A property or asset that a borrower pledges to a lender in the event of default. When a borrower fails to make debt service payments as stated in the loan agreement, collateral looks to secure repayment of the loan, providing protection to the lender. In real estate, typically the property that is being financed by the loan serves as collateral, whether this be a house or commercial property. Other common types of collateral include: plant and equipment, marketable securities, and personal property.

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Commercial Mortgage-Backed Securities (CMBS)

Securities collateralized by loans secured by commercial property. A CMBS loan is a first-mortgage secured by commercial real estate which is

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Commercial Real Estate

Commercial real estate is real estate intended to generate income or profit for the owner of the property. Generally includes all categories of non-residential real estate

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Common Area

The areas of a building that are available for the nonexclusive use of all its tenants, such as lobbies, corridors, and parking lots.

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Common Area Maintenance (CAM) Charges

The contribution or fee paid collectively by individual tenants for the maintenance and upkeep of the non-exclusive areas of the premises. 

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Comparables (Comps)

In the context of real estate transactions, properties similar to the one being sold or appraised used to determine the fair market value of the property.

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Compound Interest

Simply put, compound interest is “interest-on-interest”, or the ability of a financial instrument to generate earnings on its earnings.

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Concessions

A benefit given by a buyer, seller, landlord or tenant in order to help facilitate a real estate transaction. Concessions can be given in both residential and commercial real estate, and are often predetermined during the negotiation period. Concessions are often included in closing costs, but come in various forms: covering moving expenses and repair costs, rent reduction, or even cash back to the buyer.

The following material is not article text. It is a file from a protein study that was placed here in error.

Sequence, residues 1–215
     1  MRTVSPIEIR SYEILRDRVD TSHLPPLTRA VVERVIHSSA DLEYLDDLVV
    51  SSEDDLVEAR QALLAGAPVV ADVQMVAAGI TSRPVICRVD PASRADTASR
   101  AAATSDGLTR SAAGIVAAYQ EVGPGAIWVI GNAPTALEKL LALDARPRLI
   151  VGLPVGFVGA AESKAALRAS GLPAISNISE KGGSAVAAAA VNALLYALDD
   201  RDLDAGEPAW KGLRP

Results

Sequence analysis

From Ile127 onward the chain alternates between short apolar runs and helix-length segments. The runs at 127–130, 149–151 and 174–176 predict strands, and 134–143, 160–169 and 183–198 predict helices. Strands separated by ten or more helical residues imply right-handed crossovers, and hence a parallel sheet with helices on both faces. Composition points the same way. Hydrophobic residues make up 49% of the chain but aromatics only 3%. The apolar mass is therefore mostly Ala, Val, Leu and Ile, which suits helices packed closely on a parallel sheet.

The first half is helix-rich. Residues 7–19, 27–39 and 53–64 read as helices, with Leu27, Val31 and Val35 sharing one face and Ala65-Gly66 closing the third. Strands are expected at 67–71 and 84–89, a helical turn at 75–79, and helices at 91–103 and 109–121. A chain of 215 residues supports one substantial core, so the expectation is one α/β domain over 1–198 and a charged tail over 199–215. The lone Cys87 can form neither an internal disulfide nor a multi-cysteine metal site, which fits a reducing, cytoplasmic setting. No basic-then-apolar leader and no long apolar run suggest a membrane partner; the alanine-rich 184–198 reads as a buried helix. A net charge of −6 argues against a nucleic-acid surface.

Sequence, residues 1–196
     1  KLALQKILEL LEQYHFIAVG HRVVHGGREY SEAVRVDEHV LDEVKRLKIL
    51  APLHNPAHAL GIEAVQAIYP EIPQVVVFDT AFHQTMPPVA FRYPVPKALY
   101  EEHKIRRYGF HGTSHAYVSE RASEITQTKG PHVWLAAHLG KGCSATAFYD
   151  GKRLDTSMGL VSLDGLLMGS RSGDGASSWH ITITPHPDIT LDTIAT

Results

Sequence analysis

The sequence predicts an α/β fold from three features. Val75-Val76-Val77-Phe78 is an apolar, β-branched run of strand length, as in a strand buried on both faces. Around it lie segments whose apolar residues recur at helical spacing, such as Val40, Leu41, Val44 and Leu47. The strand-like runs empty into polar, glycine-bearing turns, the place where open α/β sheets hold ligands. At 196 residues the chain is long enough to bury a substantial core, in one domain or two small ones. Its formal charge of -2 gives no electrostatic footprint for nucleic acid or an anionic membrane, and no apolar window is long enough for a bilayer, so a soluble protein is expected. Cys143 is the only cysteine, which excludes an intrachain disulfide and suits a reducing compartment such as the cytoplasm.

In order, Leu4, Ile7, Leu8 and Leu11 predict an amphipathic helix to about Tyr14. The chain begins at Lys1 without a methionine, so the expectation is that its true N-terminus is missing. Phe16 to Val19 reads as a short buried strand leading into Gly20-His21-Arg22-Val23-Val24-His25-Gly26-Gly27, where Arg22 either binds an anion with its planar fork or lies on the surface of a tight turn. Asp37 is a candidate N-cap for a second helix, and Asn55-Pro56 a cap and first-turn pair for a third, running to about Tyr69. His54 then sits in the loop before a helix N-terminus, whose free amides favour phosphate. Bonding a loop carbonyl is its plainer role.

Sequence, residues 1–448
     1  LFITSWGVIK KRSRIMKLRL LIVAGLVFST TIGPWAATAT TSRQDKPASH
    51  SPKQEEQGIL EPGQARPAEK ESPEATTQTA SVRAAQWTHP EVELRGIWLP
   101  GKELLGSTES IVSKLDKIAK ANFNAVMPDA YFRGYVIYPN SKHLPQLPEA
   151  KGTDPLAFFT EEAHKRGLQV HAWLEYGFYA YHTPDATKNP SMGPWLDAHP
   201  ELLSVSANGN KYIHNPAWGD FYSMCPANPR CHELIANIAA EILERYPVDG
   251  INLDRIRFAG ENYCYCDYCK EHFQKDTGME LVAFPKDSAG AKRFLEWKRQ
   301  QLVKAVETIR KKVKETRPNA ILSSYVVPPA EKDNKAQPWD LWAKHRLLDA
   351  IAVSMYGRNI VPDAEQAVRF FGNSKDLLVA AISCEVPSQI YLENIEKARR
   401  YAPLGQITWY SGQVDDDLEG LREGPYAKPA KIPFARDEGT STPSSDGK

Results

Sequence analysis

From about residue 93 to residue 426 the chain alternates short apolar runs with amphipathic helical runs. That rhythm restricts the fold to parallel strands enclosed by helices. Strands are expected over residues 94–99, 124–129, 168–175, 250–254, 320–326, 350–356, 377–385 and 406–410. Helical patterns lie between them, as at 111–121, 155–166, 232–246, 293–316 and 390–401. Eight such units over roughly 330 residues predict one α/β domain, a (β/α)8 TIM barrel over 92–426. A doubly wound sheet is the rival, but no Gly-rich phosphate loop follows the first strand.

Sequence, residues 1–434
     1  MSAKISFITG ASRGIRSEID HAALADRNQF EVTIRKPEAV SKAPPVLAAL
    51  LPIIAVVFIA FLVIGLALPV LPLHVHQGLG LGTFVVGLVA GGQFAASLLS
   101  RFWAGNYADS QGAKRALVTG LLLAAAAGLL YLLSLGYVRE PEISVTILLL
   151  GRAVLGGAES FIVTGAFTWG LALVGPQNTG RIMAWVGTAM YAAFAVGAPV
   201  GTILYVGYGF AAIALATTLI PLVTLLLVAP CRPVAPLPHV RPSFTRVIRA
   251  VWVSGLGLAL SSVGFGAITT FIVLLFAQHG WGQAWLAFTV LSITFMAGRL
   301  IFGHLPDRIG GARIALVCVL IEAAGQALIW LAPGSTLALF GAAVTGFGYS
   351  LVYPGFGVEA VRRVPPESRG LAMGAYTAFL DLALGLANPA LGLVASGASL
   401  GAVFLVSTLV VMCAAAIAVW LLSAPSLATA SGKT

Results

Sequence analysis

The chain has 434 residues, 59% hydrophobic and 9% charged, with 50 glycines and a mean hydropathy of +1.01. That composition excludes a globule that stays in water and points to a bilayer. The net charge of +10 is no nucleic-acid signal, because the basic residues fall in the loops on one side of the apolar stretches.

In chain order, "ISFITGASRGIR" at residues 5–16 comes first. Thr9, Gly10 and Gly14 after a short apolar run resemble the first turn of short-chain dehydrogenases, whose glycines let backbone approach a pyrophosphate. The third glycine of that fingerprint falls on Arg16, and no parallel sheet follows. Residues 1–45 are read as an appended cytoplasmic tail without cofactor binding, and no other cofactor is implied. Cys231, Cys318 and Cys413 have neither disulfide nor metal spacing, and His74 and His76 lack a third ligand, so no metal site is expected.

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Concurrent Exchange

Refers to a method of executing a tax deferred exchange (aka 1031 exchange or like-kind exchange) where the sale of the relinquished property

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Condemnation

The seizure of property by a public authority for a public purpose. Condemnation typically occurs when a taxpayer owns property in a place

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Conservation Easement

A landowner voluntarily agrees to sell or donate certain rights associated with his or her property – often the right to subdivide or develop – and

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Constructive Receipt

Direct access to tax-deferred like-kind exchange funds or other property by an exchanger completing a tax-deferred like-kind exchange.

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Consumer Price Index (CPI)

A measure of the change in the value of consumer goods and services, such as food, medical care, and recreation. CPI is used to gauge inflationary and deflationary periods, providing an economic indicator as to the effectiveness of current monetary policy. The index is calculated and published by the U.S. Bureau of Labor Statistics each month.

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Contract for Deed

A contract between a seller and a buyer of real property in which the seller provides financing to the buyer to purchase the property.

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Contract Rent

This term is used synonymously with Stated Rent.
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Core Property

Core properties exhibit the lowest risk and lowest potential returns amongst the four major commercial real estate risk profiles, and represent

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Core-Plus Property

Core-plus properties are generally similar to core properties, but have a slightly higher degree of risk and potential for slightly higher returns than core properties.

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Credit Rating